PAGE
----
Phila. schools to reopen Thursday

Posted: January 24, 2014

The snow-related break for Philadelphia School District students ends Thursday morning: The district announced schools and offices will be open.

Schools were closed Wednesday as the region dug out from a winter storm that dumped up to 14 inches of snow in the Philadelaphia region.

And while the kids had a snow day, it was dangerously cold with a high not better than 15. Wind chills at daybreak were 17 below zero.

The 13.5 inches measured officially was one of the 10 biggest snowfalls in Philadelphia in records dating to 1884. This also marked the first time that the city had three 6-inch-plus snowfalls so early in a season, and the seasonal total stands at 33 inches. The average for an entire season is 22.2.

Crews worked all night to clear snow from roadways, and while expressways are clear, secondary highways and side roads are snow packed, even icy.

"Everyone need to use extreme caution driving this morning," said Eugene Blaum, a PennDot spokesman.

Blaum said things should improve after the sun gets high in the sky and can heat pavements.

Here's the latest of what you need to know.


SEPTA: All Regional Rail lines are scheduled to operate today.

Bus Routes 35, 94, 97, and 132 remain suspended until further notice and 28 bus routes are currently on detour.

CCT (paratransit) will provide full service today, however, customers should anticipate delays due to snow and icy conditions on streets and sidewalks. Service reductions may be necessary should conditions deteriorate. Passengers should call 215-580-7720 for status of pending same day trips or to cancel trips if they don't plan to ride.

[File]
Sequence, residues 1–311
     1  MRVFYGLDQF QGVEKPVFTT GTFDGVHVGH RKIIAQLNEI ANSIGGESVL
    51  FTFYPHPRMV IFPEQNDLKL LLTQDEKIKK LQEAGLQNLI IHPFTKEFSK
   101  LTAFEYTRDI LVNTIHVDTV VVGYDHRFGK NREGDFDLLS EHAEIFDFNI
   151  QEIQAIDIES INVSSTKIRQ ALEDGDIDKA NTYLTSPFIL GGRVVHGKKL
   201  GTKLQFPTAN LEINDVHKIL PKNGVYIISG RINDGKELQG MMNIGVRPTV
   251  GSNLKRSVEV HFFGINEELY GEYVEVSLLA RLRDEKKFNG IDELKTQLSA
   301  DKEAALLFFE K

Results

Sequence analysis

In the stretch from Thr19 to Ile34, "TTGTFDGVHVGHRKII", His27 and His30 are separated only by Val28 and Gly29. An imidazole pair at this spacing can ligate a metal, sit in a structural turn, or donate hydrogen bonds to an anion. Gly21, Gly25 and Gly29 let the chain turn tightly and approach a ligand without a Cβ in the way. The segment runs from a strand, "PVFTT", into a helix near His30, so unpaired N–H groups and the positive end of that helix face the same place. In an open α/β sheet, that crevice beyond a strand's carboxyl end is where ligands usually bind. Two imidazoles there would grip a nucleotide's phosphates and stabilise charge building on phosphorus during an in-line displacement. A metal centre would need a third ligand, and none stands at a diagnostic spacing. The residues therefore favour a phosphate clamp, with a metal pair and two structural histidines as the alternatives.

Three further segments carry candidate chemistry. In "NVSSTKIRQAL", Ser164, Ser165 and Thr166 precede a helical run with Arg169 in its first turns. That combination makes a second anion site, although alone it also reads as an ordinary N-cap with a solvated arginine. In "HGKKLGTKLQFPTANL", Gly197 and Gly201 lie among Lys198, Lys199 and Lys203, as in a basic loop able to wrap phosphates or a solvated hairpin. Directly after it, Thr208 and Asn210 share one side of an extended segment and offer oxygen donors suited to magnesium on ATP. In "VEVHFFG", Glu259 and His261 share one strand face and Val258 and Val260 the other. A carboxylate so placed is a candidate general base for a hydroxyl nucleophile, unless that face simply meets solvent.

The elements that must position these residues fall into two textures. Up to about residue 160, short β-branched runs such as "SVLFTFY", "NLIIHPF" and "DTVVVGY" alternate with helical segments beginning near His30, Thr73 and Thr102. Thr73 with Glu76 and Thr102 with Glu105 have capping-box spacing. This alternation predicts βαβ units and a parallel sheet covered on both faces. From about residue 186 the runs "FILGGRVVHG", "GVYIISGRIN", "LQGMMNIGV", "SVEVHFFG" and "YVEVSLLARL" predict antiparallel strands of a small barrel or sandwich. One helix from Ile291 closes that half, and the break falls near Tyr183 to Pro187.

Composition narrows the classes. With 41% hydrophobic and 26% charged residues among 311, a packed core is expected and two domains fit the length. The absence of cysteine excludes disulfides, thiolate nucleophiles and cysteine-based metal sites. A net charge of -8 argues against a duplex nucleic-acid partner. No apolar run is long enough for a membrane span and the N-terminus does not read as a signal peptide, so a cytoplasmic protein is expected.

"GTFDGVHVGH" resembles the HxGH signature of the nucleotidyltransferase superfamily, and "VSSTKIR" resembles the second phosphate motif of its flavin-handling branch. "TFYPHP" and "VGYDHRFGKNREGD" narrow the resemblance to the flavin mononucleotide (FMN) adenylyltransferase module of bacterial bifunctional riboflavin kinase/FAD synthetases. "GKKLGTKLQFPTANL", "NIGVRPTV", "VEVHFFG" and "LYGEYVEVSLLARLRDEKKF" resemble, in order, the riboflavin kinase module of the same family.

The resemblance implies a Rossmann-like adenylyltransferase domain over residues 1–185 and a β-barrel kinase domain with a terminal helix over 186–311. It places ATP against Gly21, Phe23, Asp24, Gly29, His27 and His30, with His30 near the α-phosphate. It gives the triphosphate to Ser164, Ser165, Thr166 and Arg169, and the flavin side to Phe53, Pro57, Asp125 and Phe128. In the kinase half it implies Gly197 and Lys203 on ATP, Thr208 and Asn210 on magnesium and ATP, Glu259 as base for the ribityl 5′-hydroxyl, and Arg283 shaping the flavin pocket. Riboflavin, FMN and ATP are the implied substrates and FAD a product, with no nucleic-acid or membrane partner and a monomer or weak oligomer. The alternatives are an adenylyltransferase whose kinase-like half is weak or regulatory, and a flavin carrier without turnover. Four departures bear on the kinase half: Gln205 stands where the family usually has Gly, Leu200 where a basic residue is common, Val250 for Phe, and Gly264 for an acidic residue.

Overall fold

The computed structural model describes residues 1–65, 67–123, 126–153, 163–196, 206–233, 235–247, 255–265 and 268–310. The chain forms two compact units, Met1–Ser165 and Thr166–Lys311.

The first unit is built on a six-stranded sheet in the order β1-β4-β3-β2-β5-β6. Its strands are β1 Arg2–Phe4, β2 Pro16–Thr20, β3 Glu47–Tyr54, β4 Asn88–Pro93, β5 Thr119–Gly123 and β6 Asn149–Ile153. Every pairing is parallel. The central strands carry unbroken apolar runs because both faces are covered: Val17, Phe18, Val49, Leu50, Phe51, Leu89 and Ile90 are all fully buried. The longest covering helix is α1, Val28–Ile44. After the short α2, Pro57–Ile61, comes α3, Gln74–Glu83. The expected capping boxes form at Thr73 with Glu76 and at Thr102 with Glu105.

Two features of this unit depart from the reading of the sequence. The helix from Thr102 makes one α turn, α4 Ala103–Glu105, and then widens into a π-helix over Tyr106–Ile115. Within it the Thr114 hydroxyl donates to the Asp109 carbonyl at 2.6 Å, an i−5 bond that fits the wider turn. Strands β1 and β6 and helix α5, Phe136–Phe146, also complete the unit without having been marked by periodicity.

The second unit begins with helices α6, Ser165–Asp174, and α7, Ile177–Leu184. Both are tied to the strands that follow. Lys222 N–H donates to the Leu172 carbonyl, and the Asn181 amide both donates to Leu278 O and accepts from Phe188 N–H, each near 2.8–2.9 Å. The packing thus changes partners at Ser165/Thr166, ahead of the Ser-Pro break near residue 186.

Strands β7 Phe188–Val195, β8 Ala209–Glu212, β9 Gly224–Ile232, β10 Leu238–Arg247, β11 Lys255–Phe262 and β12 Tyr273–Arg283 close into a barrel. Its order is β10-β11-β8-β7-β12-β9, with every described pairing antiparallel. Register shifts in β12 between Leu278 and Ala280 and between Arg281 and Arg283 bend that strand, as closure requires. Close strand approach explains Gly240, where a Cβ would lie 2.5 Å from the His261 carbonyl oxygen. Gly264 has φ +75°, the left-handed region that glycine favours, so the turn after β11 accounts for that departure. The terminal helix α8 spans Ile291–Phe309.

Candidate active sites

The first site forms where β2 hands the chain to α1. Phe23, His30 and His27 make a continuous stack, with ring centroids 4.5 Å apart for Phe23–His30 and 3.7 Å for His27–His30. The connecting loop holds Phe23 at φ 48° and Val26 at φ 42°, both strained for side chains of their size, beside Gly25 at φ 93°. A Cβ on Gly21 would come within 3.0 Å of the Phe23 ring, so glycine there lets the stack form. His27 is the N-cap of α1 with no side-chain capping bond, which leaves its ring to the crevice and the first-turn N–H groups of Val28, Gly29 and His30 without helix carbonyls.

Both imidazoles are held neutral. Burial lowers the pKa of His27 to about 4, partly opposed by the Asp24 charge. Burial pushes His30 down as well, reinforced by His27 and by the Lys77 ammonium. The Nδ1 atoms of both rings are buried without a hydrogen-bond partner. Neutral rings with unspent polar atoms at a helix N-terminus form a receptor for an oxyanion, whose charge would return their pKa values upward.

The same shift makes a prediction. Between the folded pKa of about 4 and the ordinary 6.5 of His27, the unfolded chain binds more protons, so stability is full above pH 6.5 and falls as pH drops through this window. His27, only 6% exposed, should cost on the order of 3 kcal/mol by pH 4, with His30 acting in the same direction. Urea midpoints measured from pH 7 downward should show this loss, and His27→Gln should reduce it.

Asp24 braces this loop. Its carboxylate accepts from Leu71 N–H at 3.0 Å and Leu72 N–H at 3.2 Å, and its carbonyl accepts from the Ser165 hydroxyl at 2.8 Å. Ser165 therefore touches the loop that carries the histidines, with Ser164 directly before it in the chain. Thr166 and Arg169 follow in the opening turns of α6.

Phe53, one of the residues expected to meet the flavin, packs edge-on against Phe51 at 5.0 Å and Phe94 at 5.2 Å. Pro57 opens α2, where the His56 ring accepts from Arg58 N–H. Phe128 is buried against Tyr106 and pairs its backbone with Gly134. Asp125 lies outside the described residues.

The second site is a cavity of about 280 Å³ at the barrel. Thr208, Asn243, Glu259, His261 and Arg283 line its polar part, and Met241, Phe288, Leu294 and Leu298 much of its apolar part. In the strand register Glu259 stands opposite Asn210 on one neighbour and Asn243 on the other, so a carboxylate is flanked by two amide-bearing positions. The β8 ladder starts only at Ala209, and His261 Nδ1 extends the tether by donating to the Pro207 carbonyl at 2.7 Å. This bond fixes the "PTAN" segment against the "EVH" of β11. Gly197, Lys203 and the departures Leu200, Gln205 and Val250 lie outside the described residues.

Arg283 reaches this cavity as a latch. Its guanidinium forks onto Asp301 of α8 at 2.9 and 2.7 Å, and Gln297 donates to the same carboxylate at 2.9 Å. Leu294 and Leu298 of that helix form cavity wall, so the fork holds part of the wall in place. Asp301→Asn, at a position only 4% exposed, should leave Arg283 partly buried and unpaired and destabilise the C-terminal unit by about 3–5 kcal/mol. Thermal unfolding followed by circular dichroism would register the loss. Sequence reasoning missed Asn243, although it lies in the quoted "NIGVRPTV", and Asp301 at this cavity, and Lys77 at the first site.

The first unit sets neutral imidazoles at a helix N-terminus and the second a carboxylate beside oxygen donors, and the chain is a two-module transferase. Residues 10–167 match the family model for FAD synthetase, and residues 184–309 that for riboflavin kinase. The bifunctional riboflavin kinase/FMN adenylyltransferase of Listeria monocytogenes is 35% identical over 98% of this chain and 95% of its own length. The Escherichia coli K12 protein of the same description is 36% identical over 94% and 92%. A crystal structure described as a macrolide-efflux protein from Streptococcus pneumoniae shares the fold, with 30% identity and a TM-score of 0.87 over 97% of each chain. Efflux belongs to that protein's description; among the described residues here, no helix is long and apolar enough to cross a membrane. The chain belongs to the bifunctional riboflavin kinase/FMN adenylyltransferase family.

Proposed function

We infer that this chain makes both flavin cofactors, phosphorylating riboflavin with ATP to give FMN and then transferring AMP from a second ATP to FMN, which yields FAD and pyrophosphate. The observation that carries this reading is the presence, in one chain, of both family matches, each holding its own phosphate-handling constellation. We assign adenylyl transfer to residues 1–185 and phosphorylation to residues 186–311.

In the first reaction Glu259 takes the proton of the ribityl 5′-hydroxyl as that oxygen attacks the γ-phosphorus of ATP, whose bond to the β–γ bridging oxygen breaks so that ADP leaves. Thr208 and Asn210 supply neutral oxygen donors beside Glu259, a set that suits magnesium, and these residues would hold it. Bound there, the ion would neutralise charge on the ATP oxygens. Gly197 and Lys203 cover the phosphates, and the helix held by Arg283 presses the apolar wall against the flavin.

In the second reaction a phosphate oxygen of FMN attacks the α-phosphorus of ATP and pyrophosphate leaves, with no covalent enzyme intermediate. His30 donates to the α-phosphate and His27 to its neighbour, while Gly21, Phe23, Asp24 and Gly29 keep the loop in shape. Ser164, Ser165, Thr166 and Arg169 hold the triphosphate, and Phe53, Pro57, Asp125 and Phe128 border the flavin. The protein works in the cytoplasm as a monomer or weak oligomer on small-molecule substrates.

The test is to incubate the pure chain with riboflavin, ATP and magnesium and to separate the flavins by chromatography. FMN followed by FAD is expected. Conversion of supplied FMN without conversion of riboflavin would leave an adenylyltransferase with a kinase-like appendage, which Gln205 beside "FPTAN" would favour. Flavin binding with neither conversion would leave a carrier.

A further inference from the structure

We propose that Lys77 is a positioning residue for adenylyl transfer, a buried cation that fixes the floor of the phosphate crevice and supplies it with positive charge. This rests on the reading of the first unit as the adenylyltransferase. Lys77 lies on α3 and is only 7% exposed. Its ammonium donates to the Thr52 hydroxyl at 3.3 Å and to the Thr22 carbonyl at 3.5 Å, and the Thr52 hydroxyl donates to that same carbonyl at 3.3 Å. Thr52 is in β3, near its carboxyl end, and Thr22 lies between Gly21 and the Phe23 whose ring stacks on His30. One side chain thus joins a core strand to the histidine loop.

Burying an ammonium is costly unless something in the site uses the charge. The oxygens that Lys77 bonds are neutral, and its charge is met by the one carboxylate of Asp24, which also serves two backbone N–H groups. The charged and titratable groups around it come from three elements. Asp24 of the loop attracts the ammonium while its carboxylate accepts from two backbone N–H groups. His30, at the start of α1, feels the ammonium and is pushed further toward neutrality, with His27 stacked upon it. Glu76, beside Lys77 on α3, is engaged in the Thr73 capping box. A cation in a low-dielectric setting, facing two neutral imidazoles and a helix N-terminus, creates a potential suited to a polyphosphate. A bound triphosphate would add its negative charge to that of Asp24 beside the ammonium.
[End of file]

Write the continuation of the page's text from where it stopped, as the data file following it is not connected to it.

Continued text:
SEPTA information is available at

PATCO: The High Speed Line is running on a snow schedule with trains every 10 minutes.


Expressways are clear, but ramps may need additional work. Secondaries are snow-packed. The condition of side streets depends on where you live and whether they have been plowed.

The city of Philadelphia called off its snow emergency at 6 p.m. Wednesday night, reporting that all primary and secondary roads were passable, along with 80 percent of the smaller neighborhood streets that the city classifies as tertiary.

The end of the emergency declaration allows motorists to resume parking on some 100 miles of Philadelphia roadway designated as snow emergency routes.

And it ended a $5-a-day flat-rate deal on Center City parking, at six facilities run by the Philadelphia Parking Authority. Cars that entered the lots while the snow emergency was in effect, from 4 p.m. Tuesday to 6 p.m. Wednesday, had to be removed by 7:30 a.m. Thursday to avoid the higher regular fees.

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